As a backend developer after defining the schema of our application we need to define resolvers to query directly our database using database’s specified query language. Let me remind you that we already have all we need to interact with our database. There is no need to worry about how to write our queries with database’s specified query language because Prisma API service does it for us. Thanks for another feature of Prisma called Prisma bindings. Prisma-binding provides a convenience layer for building GraphQL servers on top of Prisma services. In short, it simplifies implementing your GraphQL resolvers by delegating execution of queries (or mutations) to the API of the underlying Prisma database service. Rather than writing SQL or accessing a NoSQL database API like MongoDB inside our resolvers.

Why don’t we use the Prisma API directly from our client application?

Prisma as I mentioned earlier generates and exposes powerful CRUD operation to interact with our database on our data model therefore using Prisma API directly from our client application will expose our entire database schema to the client. Let say you have a user type and one of the field is the password you definitely don’t want the password to be accessed by the client application directly. Click here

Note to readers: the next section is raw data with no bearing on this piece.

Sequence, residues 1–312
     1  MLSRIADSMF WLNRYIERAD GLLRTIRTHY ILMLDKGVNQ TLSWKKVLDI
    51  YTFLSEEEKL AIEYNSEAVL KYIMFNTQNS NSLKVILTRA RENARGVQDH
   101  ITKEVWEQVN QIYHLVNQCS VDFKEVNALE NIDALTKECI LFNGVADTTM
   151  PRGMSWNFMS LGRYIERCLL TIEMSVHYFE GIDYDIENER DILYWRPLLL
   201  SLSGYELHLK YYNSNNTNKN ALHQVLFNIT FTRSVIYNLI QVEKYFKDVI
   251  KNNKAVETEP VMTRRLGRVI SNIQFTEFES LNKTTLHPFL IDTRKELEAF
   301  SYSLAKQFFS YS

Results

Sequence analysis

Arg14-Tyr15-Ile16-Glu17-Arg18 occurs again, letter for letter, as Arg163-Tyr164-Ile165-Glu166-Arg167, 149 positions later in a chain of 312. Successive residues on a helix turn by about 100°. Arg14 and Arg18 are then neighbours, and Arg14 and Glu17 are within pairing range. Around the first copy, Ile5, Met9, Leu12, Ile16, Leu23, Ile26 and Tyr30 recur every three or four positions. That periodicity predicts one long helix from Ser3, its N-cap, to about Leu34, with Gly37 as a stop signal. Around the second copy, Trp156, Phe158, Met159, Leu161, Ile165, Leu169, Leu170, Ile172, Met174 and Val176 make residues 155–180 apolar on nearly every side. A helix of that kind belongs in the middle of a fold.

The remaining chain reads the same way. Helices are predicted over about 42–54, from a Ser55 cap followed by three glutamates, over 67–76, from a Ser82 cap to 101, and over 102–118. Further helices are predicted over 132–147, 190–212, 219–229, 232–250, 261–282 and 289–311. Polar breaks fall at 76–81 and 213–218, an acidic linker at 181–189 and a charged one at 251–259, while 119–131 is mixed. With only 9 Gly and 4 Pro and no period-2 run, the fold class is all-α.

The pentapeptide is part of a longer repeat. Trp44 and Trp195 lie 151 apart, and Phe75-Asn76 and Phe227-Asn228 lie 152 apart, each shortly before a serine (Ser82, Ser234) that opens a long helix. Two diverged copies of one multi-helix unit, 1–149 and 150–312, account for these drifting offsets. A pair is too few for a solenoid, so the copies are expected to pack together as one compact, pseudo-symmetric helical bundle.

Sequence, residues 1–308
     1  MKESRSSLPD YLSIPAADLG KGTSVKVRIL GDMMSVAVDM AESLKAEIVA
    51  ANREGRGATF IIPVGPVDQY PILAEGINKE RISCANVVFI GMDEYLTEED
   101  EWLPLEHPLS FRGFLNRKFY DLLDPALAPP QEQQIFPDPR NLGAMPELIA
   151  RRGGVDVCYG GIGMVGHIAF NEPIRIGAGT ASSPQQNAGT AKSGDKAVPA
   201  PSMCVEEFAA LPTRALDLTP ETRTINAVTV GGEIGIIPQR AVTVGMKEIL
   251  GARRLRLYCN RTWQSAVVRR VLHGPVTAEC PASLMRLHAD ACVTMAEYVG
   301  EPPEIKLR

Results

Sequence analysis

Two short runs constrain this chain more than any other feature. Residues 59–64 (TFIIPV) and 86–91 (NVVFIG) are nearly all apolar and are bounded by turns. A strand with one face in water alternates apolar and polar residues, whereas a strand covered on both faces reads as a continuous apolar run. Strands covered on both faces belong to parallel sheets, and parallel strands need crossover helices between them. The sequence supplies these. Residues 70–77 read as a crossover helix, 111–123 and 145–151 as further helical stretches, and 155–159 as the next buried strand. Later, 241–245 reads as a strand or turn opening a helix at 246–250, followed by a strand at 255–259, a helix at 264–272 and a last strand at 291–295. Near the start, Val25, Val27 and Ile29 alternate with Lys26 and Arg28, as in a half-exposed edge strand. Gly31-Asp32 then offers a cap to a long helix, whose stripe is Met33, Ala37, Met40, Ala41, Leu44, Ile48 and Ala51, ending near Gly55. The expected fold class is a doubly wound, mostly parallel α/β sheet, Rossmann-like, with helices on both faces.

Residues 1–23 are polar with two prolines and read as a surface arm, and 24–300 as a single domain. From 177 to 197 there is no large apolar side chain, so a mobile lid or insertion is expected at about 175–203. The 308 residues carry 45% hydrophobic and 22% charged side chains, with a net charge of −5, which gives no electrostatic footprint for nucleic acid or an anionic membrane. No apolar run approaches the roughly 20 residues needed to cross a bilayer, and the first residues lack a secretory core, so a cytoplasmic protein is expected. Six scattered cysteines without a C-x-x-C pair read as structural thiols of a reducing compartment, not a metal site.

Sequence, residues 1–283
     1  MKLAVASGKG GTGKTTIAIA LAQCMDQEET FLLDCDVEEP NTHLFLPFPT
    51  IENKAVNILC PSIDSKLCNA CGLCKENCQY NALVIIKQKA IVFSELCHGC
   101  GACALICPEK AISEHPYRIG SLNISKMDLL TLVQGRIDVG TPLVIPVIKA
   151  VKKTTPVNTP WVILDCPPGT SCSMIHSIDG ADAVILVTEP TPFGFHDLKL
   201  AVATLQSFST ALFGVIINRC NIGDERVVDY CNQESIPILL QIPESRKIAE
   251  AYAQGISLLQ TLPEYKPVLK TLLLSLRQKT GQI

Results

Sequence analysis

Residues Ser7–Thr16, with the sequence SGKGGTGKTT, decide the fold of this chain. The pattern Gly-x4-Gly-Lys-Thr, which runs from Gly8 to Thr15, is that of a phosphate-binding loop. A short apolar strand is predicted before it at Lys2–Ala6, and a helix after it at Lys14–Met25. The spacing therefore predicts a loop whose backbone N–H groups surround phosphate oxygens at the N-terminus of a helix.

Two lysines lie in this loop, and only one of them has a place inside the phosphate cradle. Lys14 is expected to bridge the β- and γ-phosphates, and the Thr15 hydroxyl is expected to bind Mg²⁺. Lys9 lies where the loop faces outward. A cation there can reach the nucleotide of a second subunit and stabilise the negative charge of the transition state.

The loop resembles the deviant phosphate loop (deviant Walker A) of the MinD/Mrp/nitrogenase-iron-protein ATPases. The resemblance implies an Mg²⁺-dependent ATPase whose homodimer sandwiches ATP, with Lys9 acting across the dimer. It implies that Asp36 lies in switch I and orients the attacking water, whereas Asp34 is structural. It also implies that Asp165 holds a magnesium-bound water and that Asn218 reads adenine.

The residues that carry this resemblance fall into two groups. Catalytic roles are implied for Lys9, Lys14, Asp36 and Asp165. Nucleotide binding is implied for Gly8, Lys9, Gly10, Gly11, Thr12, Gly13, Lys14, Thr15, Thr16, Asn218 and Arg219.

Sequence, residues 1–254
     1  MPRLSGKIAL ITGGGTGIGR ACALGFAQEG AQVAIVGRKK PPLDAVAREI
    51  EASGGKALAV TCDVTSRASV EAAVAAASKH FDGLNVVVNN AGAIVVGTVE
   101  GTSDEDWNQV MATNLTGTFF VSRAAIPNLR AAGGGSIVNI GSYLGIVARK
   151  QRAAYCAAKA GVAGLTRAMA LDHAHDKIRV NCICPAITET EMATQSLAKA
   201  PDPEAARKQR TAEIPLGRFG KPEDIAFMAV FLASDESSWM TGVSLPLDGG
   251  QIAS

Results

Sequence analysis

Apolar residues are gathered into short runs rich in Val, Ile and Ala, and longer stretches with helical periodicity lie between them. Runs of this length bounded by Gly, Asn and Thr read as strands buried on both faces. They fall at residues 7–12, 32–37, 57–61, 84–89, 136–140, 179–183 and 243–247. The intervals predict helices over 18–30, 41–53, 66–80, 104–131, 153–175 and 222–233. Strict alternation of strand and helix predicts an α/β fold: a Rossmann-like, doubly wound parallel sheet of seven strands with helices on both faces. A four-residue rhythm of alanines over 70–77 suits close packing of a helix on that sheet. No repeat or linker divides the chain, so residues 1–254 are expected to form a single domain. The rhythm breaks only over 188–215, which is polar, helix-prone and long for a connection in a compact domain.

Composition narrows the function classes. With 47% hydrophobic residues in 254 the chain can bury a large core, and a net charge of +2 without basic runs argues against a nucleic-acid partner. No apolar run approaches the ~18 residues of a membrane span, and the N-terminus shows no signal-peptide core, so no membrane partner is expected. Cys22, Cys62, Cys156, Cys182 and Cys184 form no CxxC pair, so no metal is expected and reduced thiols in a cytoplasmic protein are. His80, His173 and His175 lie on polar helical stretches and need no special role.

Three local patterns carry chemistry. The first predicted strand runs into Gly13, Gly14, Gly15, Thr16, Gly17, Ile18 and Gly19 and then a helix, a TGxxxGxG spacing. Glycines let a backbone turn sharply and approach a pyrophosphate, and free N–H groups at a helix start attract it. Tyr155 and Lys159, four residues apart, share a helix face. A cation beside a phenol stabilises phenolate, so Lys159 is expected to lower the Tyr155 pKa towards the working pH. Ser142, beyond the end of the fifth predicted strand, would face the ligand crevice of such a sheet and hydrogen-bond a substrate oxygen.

for more information. Enough of theory lets dive into some examples.


In this session we are going to cover the concepts we just covered: We are going to write a little application and see how stuff work with Prisma. I will be showing the different applications layer of Prisma’s graphql server and how Prisma bindings are implemented on the client application layer. First of all let us set up Prisma’s graphql server locally using Docker. I will not explain each and everything here in details just I want to illustrate what we have covered so far.

Step1: Setup our Prisma API Service with Prisma Cloud(online)

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At this point, we are using the Prisma Cloud service to initialize our Prisma graphql service by running the command Prisma init blog01 Where blog01 is the root folder of our application. Two files are created:

  • Prisma.yml: the configuration file